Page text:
54 Getting and Using the Right to Vote
Fifteenth Amendment (1870) granted African Americans the right to vote (suffrage) Southern states circumvented the law by instituting literacy tests, which most former slaves could not pass, and poll taxes Southern states instituted a grandfather clause to exempt from literacy tests illiterate whites whose grandfathers had been allowed to vote before 1860 practice was found unconstitutional in Guinn v. United States (1915)

55 Getting and Using the Right to Vote
Smith v. Allwright (1944): Supreme Court outlawed the use of white primaries to exclude African Americans from the election process The Twenty-Fourth Amendment (1964) outlawed the use of poll taxes to prevent poor people from voting Congress passed the Voting Rights Act in 1965 to prevent states from using any methods to disenfranchise voters provided for enforcement by allowing federal registrars to oversee election groups

56 Other Minority Groups Native Americans
isolated on “reservations” until Dawes Act of 1887 right to vote only in 1924 1970, have used courts to pursue equal rights, largely through the Native Americans Rights Fund (NARF)

57 Hispanic Americans Largest minority group - have heritage from many Caribbean, Central America, and South American nations Pursue equal rights in court through the Mexican American Legal Defense Fund (MALDEF)

58 Asian Americans Rapidly growing group
Japanese Americans placed in isolated camps during World War II, upheld in Korematsu v. United States

59 Other Groups Smaller numbers of Arab and Islamic populations have faced challenges since 9/11/2001

60 Women, the Constitution, and Public Policy
Women were excluded also from the rights and equality implied in the Constitution Women’s rights movement grew out of abolitionism in the 1840’s, when female activists encountered discrimination among male activists Nineteenth Amendment (1920) gave women the right to vote

61 Women, the Constitution, and Public Policy
Equal Rights Amendment (1923) was intended to enforce full equality for women, who were discriminated against in such areas as employment passed by Congress in 1972 but was never ratified by the necessary three-fourths of state legislatures Reed v. Reed (1971): For the first time, Supreme Court found a law unconstitutional based on arbitrary gender bias 1972 Craig v. Boren established a “minimum scrutiny” standard for determining gender discrimination Court now strikes down laws that discriminate against both women and men

62 Women, the Constitution, and Public Policy
Civil rights legislation barring discrimination in the workplace applies to women as well as to other minority groups includes employment opportunities, equal pay, and pregnancy leave 1986, Supreme court established a woman’s right to sue employers for sexual harassment under the Civil Rights Act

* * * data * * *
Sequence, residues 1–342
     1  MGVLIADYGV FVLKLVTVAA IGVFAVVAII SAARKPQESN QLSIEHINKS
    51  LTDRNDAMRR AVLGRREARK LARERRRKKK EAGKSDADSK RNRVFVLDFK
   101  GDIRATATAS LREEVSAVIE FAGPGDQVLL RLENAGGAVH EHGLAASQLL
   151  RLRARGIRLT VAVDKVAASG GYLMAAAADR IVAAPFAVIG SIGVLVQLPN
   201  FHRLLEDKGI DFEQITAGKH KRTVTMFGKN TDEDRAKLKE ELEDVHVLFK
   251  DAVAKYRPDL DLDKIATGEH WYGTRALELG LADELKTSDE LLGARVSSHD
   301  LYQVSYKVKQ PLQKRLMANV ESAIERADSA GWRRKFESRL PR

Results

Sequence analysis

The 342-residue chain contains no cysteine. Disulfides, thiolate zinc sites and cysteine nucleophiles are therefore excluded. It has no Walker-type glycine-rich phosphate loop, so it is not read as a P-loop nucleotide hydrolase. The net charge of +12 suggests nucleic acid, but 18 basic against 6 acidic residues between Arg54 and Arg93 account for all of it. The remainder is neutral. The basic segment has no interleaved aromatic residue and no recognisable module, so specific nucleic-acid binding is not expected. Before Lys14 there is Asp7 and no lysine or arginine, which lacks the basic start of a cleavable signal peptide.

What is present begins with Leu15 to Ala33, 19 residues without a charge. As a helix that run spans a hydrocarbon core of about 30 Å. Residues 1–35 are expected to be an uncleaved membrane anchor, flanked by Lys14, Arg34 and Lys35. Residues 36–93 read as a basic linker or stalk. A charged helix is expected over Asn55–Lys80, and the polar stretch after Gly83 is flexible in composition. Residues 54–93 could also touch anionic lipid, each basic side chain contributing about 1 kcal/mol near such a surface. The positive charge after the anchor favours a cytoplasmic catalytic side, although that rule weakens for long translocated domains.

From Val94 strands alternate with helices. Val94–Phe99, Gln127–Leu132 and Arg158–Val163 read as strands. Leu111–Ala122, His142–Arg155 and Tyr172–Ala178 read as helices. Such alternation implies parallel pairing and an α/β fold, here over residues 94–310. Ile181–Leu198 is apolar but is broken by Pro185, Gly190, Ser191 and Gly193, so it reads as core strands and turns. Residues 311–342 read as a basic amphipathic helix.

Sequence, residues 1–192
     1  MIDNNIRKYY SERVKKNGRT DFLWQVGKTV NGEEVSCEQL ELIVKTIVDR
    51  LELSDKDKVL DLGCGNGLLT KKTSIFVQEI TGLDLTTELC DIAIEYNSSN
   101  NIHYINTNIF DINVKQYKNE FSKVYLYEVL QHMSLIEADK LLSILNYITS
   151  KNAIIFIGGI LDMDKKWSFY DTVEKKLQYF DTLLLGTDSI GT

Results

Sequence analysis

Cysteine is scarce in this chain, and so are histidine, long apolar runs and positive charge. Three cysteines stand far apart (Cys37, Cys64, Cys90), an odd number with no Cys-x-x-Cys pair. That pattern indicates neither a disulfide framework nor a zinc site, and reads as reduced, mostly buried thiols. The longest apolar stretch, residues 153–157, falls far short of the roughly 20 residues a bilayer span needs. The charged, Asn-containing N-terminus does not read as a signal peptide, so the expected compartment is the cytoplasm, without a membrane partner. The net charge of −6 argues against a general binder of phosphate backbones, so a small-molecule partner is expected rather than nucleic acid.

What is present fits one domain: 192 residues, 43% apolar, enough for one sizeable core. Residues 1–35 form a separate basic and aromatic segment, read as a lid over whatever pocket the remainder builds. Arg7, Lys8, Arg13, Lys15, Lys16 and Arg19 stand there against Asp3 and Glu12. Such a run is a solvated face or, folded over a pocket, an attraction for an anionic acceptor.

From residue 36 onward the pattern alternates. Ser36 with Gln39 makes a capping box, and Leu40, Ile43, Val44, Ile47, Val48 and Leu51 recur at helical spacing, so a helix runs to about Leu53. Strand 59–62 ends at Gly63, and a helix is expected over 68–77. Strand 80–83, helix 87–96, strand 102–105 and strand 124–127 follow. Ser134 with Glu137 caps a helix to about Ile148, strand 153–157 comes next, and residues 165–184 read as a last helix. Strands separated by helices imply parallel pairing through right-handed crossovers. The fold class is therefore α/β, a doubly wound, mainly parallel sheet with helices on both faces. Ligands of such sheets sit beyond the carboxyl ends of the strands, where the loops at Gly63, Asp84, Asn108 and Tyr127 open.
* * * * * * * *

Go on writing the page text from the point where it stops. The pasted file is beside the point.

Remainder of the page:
63 Women, the Constitution, and Public Policy
comparable worth -- insists that women be paid the same as men for jobs that require the same skills Women are allowed to serve in all branches of the military but cannot engage in ground combat

64 Newly Active Groups under the Civil Rights Umbrella
Discrimination laws prevent employers and universities from rejecting applicants because of their age Congress also revoked the policy of mandatory retirement, unless a compelling reason can be provided based on age Americans with Disabilities Act of 1990 protects disabled Americans against job discrimination and requires employers provide “reasonable accommodations”

65 Newly Active Groups under the Civil Rights Umbrella
Gay rights are protected by some laws but are hardly advanced by the Supreme Court “don’t ask, don’t tell” military policy introduced by President Clinton in 1993 bypasses restrictions on homosexuality by preventing labeling right to privacy also factors into debates over gay rights Lawrence v. Texas (2003) overturned state anti-sodomy laws

66 Affirmative Action Affirmative action
policy that attempts to go beyond preventing discrimination to provide members of groups who have suffered discrimination some compensatory treatment Regents of the University of California v. Bakke (1978) white student sued the University of California at Davis for admitting a lower scoring minority student so that the university could fulfill its enrollment quota court rules that race could be used as one factor by which to chose applicants, but that the enrollment quotas were unconstitutional

67 Affirmative Action Adarand Constructors v. Pena (1995)
Court ruled against set-aside contracts for minority-owned businesses, stating that even if the intent is to advance the opportunities of minorities, it still classifies people by race and is therefore unconstitutional recent years Court has made decisions about affirmative action on a case-by-case basis, rather than assuming a single position